Suicide car bomber hits checkpoint in northwest Pakistan, killing 4 in second attack in as many days
MIR ALI, Pakistan (AP) — A suicide car bomber targeted a security checkpoint in northwestern Pakistan on Wednesday, killing two soldiers, a policeman and a civilian, the military and security officials said.
It was the second militant attack to hit Pakistan in as many days.
The bombing happened in North Waziristan, a district in Khyber Pakhtunkhwa province that borders Afghanistan and is a former stronghold of the militant Pakistani Taliban group, also known as Tehreek-e-Taliban Pakistan.
A number of civilians were also wounded in the attack, according to Rehmat Khan, a local police official.
The military in a statement also confirmed the car bombing and the casualties. It said the attacker wanted to target a nearby public gathering but security forces “prevented a major catastrophe” by immediately intercepting the car bomber.
No one claimed responsibility for the attack but suspicion is likely to fall on the Pakistani Taliban.
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Separately, security forces killed six militants in a raid on their hideout in South Waziristan, a district also bordering Afghanistan, the military said Wednesday. It did not provide any details about the slain insurgents, but such operations are usually carried out against the TTP. In the last six months, the group has stepped up its attacks since it unilaterally ended a cease-fire with the Pakistani government, brokered by neighboring Afghanistan last year.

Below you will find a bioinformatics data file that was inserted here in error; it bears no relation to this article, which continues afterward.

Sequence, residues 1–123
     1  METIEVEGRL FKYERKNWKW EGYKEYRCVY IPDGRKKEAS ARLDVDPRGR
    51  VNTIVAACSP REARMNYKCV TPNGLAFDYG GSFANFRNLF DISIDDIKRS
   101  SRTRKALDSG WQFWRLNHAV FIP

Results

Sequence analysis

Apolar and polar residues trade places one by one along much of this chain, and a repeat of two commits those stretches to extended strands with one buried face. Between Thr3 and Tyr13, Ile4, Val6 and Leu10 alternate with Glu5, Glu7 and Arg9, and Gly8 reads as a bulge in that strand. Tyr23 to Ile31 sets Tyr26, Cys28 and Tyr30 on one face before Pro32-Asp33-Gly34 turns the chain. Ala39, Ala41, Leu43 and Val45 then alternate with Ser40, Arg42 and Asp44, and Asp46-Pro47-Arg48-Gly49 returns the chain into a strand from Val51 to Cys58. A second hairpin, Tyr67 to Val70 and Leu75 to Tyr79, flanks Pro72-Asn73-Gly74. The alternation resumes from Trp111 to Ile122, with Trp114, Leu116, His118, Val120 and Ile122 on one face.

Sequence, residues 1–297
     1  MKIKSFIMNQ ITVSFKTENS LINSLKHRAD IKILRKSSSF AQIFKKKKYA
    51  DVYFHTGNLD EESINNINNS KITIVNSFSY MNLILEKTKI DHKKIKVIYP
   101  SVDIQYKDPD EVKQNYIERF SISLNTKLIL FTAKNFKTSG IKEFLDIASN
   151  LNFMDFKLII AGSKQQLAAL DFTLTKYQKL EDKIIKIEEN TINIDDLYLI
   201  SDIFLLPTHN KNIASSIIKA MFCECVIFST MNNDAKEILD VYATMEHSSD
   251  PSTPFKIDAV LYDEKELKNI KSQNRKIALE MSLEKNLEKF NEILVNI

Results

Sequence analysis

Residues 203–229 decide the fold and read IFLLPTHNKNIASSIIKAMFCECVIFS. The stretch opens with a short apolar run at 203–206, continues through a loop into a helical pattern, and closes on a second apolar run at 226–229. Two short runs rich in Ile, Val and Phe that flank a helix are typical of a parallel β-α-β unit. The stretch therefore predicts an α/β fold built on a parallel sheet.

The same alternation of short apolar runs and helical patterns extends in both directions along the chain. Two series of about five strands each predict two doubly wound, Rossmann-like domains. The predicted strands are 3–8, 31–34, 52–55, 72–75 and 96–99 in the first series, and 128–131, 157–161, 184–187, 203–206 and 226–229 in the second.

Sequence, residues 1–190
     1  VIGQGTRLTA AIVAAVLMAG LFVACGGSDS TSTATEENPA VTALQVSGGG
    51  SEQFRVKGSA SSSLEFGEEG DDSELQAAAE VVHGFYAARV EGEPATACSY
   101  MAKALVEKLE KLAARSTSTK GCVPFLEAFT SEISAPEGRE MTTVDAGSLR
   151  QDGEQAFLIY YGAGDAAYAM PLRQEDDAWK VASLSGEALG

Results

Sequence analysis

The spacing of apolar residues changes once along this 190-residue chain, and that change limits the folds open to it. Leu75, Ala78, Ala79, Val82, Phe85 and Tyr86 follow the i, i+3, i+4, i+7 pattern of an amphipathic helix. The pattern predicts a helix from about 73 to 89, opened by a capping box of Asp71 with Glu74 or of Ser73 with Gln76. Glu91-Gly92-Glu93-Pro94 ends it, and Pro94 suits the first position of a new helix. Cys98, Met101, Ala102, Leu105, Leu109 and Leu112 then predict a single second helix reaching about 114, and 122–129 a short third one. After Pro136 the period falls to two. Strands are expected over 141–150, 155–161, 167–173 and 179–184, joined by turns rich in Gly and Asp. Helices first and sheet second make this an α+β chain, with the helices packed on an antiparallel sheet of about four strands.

Also on Wednesday, the TTP claimed responsibility for an attack the previous day on an oil and gas plant in Hangu, a district in Khyber Pakhtunkhwa, on the border with Afghanistan. Four security troops and two private guards were killed in the attack on the facility run by a multinational European company, MOL Pakistan Oil and Gas.
Though a separate group, the TTP remains a close ally to the Afghan Taliban, who took over Afghanistan in August 2021 following the withdrawal of U.S. and NATO forces from the country after two decades of war. The takeover some say has emboldened the TTP in Pakistan.
Associated Press writer Riaz Khan contributed to this story from Miran Shah, Pakistan.